The fact was that lecturing and teaching was being frustrated by the lack of teaching qualification. It is becoming necessary to have this. I tried a City and Guilds 730 and gained part 1 but could not gain teaching hours for the part 2, and in any case this level is not enough for FE. The first level is Certificate in Education, and better still at PGCE. Now I have this.
The government has decided that school teachers must do skills tests to get the Newly Qualified Teacher status for schools. These tests are a political gesture and an afront for anyone with degrees. But the climate has changed and people do as they are told. Then teachers must spend a year with a 90% timetable plus training to go on to be teachers afterwards. I have no problem with training, but I have seen exhausted NQTs and frustrated ones too - and in the last practice in some detail. I may come to this but I am not in a rush. I think it is important to get control over one's life and time, and come to anything like this when restored. This may be sooner or later or after something different.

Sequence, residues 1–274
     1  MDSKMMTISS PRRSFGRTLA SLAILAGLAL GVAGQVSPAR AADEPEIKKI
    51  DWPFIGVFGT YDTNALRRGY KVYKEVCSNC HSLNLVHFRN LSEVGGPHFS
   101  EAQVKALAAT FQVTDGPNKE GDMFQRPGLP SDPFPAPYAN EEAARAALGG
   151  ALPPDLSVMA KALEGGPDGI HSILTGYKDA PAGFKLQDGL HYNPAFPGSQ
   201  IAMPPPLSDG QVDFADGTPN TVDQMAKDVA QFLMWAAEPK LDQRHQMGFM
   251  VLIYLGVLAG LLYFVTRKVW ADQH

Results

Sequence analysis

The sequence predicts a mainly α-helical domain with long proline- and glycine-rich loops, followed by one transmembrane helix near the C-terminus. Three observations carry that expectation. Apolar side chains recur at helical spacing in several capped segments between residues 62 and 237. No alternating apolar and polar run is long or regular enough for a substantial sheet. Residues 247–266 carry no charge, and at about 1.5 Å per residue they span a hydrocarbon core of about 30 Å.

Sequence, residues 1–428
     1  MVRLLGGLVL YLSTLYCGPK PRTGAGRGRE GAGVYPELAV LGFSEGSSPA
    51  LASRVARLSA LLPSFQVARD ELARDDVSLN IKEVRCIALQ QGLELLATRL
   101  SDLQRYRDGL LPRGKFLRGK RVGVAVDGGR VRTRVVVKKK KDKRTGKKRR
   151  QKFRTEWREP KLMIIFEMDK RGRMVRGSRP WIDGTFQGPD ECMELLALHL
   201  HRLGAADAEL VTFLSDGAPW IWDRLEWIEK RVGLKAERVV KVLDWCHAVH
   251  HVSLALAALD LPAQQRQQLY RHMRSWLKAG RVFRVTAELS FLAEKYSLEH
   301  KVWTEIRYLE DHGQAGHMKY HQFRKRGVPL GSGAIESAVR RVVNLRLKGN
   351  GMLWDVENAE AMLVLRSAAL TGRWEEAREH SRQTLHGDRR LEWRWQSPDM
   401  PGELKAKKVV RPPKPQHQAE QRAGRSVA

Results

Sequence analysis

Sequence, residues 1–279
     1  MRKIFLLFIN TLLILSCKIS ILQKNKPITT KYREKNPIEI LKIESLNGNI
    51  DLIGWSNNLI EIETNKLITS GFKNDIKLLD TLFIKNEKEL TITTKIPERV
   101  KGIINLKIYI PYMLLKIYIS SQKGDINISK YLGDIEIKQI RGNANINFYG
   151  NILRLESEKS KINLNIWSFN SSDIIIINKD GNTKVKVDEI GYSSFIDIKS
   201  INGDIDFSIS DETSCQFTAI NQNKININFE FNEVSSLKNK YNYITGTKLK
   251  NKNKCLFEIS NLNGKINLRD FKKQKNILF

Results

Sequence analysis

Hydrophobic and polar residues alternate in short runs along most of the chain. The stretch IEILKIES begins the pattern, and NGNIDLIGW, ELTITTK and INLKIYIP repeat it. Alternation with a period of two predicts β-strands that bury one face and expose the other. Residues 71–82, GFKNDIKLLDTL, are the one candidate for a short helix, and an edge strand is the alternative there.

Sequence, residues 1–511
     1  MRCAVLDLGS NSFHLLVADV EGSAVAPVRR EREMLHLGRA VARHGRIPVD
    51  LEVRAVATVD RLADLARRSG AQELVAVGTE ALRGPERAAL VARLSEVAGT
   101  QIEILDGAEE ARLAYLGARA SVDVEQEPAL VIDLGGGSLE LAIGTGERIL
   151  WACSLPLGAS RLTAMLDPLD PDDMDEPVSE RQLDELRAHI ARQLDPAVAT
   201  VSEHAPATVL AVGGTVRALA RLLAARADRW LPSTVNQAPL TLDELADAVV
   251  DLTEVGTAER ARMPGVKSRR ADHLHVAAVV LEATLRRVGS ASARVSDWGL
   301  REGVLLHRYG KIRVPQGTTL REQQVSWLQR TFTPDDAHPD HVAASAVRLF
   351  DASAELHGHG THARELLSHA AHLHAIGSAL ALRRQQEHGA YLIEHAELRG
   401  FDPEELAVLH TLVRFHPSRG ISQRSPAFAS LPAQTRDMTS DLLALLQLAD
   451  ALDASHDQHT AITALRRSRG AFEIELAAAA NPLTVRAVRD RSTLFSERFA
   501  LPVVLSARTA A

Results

I was not even sure I'd be accepted for the PGCE training. I was strong in this subject background and had lecturing and student support jobs. In the end the experience especially of the second practice has been too stressful to simply carry on continuously. There are a variety of possible futures.
As a result of viewing my experiences Elena is equally uncertain about her training. She wants an alternative (like I do with employment) but will do the PGCE Secondary Maths course if it gets her the qualification rapidly, and then she can consider her employment future.
Adrian Worsfold